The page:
Thursday, April 12, 2012

JBoss 4.2.3 with VisualVM

I have recently been involved in implementing and testing our application in a high volume / high performance customer case, where I thought I might try using VisualVM to see the JVM in action and find potential bottlenecks, like where would most of the CPU usage would go (the module I’m writing is a big CPU hog) as well as maybe latency issues caused by inadequate garbage collector settings.

The screenshots below are taken from a much smaller test environment where I just ran a quick test, but I have been able to use the tool in the customer environment where we were able to identify occasional high CPU usage with garbage collection (the blue line in the CPU area, left) as well as OutOfMemory problems due to the default garbage collection strategies (notice the erratic/irregular shapes in heap usage on the right side) - both can be addressed by adjusting the garbage collector strategy for low pause, concurrency (using -XX:+UseConcMarkSweepGC and -XX:+UseParNewGC parameters, see "before" and "after" screenshots below).

Also we found high CPU usage on certain application threads that now we can focus to optimize the code in those areas, they are not part of these screenshots, but I might post separately on that. Also from the threads graph is visible we have a high number of threads  with a short life span, probably around the JMS connectivity area that we’re still investigating.

I’m nowhere even close to being an expert on these things, I’m still learning the stuff, but since I struggled a bit to get the JMX enabled with JBoss 4.2.3, though I might share the findings others might find useful and why not even got some more qualified suggestions from you, the readers out there.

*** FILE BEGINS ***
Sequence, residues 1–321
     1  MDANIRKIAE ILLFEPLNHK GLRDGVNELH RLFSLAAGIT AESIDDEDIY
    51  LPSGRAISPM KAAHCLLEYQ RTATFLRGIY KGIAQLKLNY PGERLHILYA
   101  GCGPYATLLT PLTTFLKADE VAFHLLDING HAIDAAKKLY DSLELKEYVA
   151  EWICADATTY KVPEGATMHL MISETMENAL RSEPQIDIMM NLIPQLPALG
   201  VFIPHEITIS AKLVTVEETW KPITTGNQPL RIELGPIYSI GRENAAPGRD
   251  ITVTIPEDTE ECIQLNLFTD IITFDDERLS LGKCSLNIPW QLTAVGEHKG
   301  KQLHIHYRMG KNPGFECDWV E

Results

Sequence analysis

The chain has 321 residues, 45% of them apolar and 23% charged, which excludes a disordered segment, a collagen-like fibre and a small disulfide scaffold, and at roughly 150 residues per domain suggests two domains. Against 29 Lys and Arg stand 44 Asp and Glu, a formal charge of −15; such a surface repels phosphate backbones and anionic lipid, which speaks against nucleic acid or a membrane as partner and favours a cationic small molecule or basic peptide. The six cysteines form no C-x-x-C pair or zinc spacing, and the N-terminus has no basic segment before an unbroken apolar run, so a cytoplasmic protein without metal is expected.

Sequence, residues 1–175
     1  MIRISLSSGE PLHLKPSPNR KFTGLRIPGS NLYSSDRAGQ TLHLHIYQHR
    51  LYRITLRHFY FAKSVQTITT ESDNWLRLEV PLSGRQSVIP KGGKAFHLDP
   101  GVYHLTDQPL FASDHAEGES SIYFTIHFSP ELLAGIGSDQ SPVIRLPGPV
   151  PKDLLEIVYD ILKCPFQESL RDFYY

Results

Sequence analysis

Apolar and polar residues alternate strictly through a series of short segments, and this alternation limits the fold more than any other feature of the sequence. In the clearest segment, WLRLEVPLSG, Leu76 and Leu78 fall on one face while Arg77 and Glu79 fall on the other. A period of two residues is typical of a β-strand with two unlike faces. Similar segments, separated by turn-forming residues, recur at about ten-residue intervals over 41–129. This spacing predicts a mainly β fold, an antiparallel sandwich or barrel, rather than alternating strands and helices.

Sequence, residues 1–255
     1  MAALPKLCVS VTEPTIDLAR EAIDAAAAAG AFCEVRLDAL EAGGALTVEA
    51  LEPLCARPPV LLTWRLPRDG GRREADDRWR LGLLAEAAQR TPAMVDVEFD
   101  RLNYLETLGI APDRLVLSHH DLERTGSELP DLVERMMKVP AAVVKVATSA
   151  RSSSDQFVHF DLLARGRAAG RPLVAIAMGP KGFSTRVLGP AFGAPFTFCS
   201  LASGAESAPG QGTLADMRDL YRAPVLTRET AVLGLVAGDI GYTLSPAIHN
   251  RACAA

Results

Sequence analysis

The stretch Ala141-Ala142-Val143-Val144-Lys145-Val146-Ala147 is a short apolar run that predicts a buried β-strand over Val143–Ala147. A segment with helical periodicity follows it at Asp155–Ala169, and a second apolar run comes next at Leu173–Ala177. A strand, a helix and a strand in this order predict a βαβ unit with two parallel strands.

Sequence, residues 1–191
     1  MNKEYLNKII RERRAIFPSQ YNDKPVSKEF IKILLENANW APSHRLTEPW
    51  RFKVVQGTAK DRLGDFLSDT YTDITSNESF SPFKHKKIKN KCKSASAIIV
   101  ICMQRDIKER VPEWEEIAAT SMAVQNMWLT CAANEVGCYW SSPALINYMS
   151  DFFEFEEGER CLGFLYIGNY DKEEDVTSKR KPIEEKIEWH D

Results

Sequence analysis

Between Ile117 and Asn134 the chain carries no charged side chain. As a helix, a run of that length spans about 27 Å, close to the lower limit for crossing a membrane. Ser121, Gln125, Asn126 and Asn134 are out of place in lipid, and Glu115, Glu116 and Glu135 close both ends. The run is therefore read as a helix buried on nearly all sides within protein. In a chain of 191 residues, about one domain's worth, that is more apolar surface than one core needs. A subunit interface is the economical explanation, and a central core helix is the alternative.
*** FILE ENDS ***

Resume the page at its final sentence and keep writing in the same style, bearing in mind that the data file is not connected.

We’re using the Java Service Wrapper (just to give you another example of how to use the parameters) and these are the settings I used to allow for remote JMX connectivity (the port is your choice really):
Once setup you can just run VisualVM and point it to localhost:9999 if you’re going to do the monitoring locally, although probably for a high performance environment you might want to run VisualVM from another machine, so it doesn’t affect the environment too much. Just as well, with the JMX enabled you can probably use that from a monitoring application and set warning thresholds for things like free JVM memory, high CPU usage etc.

VisualVM seems to be quite a capable tool (not to mention easy on the eye), giving you real time information through the graphs, being able to take memory dumps to analyze offline (with say the likes of Eclipse Memory Analyzer), perform garbage collection, take thread dumps, look at active / dead threads or run a CPU sampler to see the top consumer threads.

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